BE230_Lecture_6 - BE230 Lecture 7 Neurons-Structure...

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BE230 Lecture 7 Dr Rosaleen Devery
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Àt end of this lecture You will know 1. What events are carried out at plasma membrane of neuron 2. How a neuron’s resting potential is measured 3. How a resting potential is generated 4. What an action potential is 5. How action potential is propagated 6. What happens in a synaptic cleft 7. Why neurotransmitters are excitatory and inhibitory 8. Describe main neurotransmitters 9. How medicinal drugs work 10.How recreational drugs work
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What are neurons? Functional units of nervous systems Structure permits neurons to receive and transmit information Structure of a motor neuron- note its features Cell body Numerous dendrites Single axon Myelin sheath Nodes of Ranvier Synaptic terminals Commands signals from your spinal cord to your skeletal muscle
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Supporting Cells (Glia) Essential for normal functioning of nervous system Eg schwann cell in PNS Oligodendrocytes in CNS Signal travels along myelinated axon by jumping from node to node…travels much faster than the long route along length of axon 150 m/sec (540 km/h)! If no myelin sheaths, signals would go at ~ 5 m/sec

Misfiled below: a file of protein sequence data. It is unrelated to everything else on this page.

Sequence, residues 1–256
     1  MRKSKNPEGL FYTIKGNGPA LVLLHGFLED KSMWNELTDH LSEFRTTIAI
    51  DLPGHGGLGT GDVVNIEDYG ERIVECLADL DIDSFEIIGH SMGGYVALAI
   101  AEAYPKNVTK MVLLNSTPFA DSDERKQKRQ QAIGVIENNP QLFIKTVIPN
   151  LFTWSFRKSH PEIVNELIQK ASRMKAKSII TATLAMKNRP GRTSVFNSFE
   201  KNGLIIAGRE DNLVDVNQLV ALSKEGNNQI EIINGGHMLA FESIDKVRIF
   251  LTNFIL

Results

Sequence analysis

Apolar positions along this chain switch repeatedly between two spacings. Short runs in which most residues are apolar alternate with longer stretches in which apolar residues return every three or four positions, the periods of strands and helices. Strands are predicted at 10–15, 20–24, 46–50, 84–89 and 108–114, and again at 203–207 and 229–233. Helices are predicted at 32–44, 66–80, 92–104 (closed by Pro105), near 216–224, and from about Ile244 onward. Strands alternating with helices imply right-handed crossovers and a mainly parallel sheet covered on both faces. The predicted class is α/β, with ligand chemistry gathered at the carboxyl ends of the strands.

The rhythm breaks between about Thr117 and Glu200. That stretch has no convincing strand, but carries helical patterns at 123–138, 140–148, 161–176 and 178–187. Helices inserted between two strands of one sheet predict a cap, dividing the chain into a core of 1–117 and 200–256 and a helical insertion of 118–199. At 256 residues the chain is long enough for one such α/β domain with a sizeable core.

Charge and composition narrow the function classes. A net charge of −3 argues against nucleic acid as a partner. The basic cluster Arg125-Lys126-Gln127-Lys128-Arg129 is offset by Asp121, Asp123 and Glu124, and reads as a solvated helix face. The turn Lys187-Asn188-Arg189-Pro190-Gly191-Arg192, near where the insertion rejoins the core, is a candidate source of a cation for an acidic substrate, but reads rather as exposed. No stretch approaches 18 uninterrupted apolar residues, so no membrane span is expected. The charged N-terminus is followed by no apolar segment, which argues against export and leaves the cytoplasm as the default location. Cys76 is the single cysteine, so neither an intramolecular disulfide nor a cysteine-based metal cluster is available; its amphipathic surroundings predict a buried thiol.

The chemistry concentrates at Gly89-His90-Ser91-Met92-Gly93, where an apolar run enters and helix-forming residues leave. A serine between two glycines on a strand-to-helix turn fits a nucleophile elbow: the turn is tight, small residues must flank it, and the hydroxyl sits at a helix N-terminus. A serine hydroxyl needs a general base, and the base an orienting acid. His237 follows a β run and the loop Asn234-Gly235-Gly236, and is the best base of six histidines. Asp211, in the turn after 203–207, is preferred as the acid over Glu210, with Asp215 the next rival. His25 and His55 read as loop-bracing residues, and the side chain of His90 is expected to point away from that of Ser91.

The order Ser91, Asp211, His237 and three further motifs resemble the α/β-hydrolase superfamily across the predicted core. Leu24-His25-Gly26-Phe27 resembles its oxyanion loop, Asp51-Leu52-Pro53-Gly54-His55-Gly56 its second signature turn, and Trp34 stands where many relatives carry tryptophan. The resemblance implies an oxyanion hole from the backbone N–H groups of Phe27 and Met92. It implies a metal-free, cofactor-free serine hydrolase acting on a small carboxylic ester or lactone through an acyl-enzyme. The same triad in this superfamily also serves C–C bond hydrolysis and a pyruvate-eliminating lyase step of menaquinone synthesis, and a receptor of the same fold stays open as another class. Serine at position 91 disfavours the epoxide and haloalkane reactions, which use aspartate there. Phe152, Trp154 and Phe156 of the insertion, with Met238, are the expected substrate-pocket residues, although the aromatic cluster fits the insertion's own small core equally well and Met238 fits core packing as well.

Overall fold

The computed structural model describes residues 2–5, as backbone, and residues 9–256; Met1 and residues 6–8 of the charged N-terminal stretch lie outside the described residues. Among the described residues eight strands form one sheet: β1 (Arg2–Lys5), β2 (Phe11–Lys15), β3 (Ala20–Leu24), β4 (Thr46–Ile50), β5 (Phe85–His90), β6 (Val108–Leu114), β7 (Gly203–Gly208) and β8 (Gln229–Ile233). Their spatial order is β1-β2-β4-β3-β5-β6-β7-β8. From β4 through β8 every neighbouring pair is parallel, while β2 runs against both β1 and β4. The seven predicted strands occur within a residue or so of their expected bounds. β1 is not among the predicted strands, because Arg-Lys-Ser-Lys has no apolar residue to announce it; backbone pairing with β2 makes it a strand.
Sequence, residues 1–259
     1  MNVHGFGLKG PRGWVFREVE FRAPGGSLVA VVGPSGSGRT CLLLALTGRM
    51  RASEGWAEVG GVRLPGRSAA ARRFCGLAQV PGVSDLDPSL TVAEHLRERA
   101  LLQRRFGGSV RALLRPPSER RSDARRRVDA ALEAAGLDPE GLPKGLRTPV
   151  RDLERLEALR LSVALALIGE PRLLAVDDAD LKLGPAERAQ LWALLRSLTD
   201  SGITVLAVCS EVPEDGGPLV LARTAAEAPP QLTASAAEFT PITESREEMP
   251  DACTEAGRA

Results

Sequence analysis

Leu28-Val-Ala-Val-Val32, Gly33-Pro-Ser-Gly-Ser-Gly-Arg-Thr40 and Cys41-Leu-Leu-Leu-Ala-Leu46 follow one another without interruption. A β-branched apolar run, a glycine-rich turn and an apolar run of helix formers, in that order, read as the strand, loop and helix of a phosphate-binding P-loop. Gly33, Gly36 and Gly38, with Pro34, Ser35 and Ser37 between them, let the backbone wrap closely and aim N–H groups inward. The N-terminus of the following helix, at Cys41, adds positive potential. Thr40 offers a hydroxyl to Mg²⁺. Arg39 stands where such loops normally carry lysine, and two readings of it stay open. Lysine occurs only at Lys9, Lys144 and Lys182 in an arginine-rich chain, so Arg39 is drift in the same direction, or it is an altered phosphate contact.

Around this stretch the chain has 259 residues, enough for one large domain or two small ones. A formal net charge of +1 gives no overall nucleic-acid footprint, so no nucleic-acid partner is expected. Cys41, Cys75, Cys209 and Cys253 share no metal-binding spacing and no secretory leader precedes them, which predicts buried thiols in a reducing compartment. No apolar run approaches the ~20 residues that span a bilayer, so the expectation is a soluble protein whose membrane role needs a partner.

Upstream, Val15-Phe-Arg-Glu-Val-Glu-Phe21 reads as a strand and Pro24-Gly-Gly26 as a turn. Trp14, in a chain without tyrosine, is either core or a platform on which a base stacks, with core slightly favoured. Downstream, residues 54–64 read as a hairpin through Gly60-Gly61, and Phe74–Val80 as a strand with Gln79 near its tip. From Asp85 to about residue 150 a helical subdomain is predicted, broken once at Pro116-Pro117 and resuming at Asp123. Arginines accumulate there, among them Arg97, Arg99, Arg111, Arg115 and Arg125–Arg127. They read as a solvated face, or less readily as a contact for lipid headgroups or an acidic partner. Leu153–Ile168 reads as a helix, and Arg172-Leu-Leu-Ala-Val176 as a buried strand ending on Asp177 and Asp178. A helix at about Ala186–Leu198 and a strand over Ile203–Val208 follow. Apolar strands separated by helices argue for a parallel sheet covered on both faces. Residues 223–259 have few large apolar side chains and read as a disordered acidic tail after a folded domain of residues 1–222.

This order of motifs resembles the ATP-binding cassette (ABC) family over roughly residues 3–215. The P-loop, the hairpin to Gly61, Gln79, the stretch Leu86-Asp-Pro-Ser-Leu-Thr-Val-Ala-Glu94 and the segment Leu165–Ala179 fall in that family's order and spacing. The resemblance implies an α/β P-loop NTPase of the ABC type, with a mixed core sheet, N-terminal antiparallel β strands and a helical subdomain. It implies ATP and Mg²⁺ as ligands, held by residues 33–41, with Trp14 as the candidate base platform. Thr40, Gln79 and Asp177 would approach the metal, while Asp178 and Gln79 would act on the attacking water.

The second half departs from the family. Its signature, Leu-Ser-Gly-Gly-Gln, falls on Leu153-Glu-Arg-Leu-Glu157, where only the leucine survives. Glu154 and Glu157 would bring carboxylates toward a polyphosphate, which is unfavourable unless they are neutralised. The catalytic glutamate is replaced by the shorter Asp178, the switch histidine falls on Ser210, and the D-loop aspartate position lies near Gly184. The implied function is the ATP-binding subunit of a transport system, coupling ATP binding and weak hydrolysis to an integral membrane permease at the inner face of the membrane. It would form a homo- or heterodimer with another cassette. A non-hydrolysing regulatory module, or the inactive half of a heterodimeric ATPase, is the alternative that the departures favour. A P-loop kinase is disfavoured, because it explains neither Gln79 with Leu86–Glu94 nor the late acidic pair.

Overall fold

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Multiple Sclerosis (MS) Gradual destruction of myelin Progressive loss of signal conduction, muscle control, brain function
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What signals do neurons convey? What is a resting neuron? What is membrane potential? Potential energy that can be used to send signals from one part of body to another Resides in an electrical charge difference across neuron’s plasma membrane Cytoplasm is negative Fluid outside is positive Opposite charges attract; membrane stores E More opposite charges…the more energy is stored Need voltmeter to measure strength of stored energy
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potential across its membrane Measuring a neuron’s resting potential Need microelectrodes connected to
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This note was uploaded on 01/05/2010 for the course FSH BT taught by Professor Ianmarison during the Fall '09 term at Dublin City University.

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BE230_Lecture_6 - BE230 Lecture 7 Neurons-Structure...

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